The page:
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In today’s Money Morning…Australian billionaires are pumping money into the green economy…it’s not just about being green…it’s a megatrend that will continue for years to come…and more …

Well, it’s done.

Billionaire Mike Cannon-Brookes foiled AGL’s plan to split the company in two.

Last year, Australia’s biggest electricity supplier and biggest carbon emitter announced plans to split up the business. Accel Energy, a new company, would take over AGL’s fossil fuel assets. On the other hand, AGL would focus on the commercial part of the business.

But Cannon-Brookes argued that splitting the company would mean higher costs and lower dividends for shareholders. He thought keeping the whole company would make it more resilient to the energy transition.

As he says:

‘[W]We fundamentally believe that there can be a better future for AGL. A future that brings cheap, clean and reliable energy to customers. A future that accelerates the transition to net zero and a future that creates opportunities for AGL and value for its shareholders along the way.

Through Grok Ventures, Cannon-Brookes invested approximately $650 million to accumulate an 11.28% stake in AGL, becoming the company’s largest shareholder. It has also secured support from the Hesta superfund and other prominent shareholders.

On Monday, AGL canceled the split plan. While the AGL board still believed in it, they realized they just didn’t have the votes.

As AGL said in the announcement:

Given the anticipated voter turnout and declared opposition from a small number of investors, including Grok Ventures, AGL Energy believes that the proposed split will not receive sufficient support to meet the 75% approval threshold. for a plan of arrangement.

Today, four directors of AGL have resigned. What remains of the board plans to conduct a strategic review, and Cannon-Brookes is pushing for two seats on the board.

While the derailment of AGL’s shareholder spin-off is the top energy news this week, there’s another reason I’m bringing up this story.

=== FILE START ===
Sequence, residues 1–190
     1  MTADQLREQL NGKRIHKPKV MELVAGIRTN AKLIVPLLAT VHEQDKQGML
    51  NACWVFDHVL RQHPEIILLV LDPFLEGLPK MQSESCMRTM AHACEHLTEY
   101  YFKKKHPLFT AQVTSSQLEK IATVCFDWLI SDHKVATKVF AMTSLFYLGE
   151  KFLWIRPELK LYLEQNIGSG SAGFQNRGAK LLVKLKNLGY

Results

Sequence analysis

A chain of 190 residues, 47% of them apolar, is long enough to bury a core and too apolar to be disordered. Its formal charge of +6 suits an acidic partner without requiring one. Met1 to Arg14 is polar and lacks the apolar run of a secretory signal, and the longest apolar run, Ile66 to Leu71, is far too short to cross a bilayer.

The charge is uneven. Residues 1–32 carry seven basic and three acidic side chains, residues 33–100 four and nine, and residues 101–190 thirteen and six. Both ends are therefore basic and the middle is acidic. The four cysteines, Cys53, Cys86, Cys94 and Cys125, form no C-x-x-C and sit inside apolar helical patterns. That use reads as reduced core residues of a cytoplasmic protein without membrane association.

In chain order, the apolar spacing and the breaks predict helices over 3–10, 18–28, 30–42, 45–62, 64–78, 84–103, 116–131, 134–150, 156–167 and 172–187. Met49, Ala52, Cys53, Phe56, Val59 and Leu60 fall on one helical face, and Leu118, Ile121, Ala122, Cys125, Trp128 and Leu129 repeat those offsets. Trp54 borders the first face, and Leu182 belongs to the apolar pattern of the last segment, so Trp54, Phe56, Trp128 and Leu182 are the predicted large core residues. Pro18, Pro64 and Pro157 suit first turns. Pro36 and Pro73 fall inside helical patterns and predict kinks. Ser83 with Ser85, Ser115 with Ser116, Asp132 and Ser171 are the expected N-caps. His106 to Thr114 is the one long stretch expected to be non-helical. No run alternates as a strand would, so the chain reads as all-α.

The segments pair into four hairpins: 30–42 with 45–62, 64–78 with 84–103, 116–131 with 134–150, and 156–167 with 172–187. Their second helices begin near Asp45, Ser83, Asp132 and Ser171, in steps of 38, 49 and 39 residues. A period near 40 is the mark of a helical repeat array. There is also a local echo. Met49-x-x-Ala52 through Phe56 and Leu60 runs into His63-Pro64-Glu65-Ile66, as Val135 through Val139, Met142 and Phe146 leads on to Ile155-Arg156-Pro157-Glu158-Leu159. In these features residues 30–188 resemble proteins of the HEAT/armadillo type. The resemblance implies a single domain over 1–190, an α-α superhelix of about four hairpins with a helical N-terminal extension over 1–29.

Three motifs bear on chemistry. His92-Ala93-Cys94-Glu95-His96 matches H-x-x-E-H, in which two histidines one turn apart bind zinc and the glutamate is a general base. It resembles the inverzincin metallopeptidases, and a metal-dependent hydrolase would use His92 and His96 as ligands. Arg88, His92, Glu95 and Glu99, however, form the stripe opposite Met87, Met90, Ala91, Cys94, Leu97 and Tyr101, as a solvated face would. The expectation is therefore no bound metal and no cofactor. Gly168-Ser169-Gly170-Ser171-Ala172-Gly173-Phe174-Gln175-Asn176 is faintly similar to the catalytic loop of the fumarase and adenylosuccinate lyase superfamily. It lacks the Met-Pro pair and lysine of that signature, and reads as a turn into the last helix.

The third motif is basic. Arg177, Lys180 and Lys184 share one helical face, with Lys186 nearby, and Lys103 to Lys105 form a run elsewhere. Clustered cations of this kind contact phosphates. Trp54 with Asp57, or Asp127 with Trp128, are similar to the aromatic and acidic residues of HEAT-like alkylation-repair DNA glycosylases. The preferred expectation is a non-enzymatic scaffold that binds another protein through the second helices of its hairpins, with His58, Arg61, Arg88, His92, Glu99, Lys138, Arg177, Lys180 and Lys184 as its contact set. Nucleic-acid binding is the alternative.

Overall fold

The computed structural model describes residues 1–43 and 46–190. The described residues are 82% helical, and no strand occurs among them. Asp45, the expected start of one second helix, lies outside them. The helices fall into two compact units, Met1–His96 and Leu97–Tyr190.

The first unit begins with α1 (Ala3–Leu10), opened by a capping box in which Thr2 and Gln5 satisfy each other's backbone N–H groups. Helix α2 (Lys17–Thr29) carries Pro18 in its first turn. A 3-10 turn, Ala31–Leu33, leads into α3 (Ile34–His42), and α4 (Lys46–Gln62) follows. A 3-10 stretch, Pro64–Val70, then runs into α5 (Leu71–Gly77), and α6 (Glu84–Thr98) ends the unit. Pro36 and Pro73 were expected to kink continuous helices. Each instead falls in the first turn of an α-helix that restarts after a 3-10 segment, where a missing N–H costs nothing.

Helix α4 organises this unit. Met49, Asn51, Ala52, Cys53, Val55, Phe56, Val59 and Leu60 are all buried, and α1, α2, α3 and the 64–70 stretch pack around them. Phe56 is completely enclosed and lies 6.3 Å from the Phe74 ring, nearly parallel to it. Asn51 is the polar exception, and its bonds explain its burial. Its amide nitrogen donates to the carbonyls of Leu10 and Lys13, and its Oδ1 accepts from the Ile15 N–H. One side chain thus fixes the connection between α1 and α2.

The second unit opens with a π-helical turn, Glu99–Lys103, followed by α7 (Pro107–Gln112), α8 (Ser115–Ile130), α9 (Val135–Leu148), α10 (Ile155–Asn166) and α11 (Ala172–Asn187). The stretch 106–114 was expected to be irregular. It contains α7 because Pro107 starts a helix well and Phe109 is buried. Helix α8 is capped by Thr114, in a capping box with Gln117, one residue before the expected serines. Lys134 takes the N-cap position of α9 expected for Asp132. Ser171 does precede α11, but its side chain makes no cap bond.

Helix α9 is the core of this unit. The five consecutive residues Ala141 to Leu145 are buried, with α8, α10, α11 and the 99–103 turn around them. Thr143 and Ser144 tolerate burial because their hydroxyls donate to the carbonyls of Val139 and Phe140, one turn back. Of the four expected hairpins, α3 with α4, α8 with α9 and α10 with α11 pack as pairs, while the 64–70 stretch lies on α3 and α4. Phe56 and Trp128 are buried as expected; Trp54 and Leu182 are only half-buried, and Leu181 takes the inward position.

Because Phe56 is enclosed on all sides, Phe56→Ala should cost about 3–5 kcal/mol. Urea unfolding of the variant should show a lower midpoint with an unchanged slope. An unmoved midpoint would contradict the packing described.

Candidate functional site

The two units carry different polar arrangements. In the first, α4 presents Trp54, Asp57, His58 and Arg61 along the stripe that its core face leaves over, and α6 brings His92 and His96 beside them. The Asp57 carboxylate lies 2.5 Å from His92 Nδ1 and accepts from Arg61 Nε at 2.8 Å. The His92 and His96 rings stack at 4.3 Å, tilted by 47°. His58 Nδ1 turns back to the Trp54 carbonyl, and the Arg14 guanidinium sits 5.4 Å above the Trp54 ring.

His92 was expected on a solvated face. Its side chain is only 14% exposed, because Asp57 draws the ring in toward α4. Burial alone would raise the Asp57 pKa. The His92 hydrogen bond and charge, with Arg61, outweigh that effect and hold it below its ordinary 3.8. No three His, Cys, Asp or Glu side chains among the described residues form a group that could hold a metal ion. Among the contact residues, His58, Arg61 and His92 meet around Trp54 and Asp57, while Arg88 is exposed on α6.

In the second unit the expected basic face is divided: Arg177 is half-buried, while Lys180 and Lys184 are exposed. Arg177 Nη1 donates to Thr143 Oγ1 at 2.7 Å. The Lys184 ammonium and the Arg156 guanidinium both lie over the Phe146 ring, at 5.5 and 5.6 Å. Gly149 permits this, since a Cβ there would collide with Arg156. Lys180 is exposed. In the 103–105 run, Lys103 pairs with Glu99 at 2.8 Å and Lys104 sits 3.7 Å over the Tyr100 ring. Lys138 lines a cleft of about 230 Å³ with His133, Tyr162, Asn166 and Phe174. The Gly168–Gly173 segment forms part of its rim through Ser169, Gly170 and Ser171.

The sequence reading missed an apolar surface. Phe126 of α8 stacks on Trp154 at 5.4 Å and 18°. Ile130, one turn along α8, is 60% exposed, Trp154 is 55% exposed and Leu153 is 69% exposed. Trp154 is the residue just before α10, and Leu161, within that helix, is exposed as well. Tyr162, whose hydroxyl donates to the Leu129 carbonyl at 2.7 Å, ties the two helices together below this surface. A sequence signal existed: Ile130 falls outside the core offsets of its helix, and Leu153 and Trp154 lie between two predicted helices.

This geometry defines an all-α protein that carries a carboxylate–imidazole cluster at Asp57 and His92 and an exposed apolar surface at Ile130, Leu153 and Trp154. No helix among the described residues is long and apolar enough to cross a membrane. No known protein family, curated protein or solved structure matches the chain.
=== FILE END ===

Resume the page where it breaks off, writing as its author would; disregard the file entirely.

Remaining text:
Australian billionaires pump money into green economy

AGL isn’t Cannon-Brookes’ only involvement in the energy transition.

He also invested $78.8 million in energy lender Brighte and another chunk in Genex Power [ASX:GNX].

It’s something his Atlassian co-founder and fellow billionaire Scott Farquhar has also invested in through Skip Capital.

Anthony Pratt, executive chairman of Visy Industries and Pratt Industries in the United States, will invest $2 billion in recycling and clean energy over the next decade.

As he said recently:

People are demanding more recycled content in manufacturing and packaging, so reducing landfill will be a huge issue and by keeping paper out of landfill and producing 100% recycled packaging, and even converting our waste not recyclable into clean energy, our manufacturing business model avoids over 5 million tonnes of methane emissions each year.

And, of course, Andrew Forrest was a great champion of renewable energy.

Forrest has invested alongside Cannon-Brookes in the Sun Cable project, an undersea cable that will export solar power to Singapore.

But he also recently took the reins of Fortescue as he prepares the company for the energy transition.

And Forrest has ambitious plans.

Through Fortescue Future Industries, the company seeks to build 235 GW of renewable capacity to supply green power and hydrogen from projects around the world.

I mean, it’s huge.

Just to give you an idea, that’s five times the size of the Australian network in 2020.

He is also betting big on green hydrogen.

As he says:

Our greatest natural resource is not iron ore, it is not gold, it is not gas, it is certainly not oil or coal, it’s green hydrogen.

The green hydrogen market could generate US$12 trillion in revenue by 2050, far more than any industry in existence today. Even Australia’s huge iron ore sector, which generates export revenues of over A$150 billion, is barely a hundredth of that figure.

The fact that some of the wealthiest Australians are investing in the green economy is something to consider.

It’s not just about being green

Yes, it is about a cleaner future.

But it’s also about renewables offering some of the cheapest forms of energy, especially as war and the energy crisis are driving up fossil fuel prices.

Some Australian manufacturers are already reporting a 12% increase in their electricity bills… and expect their gas bills to triple. Something that will likely be passed on to consumers.

And, of course, renewables have the ability to create huge amounts of cheap energy. To quote Forrest again:

We must remember that the Stone Age did not end because we ran out of stones, we must remember that [renewable energy] is a better fuel source. This is completely carbon free. It’s infinite.

It’s not too late to invest in renewable energy — it’s a megatrend that will continue for years to come.

Until next week,

Selva Freigedo,
For silver morning

Selva is also the editor of New energy investor, a newsletter that looks for opportunities in the energy transition. To find out how to subscribe, click here.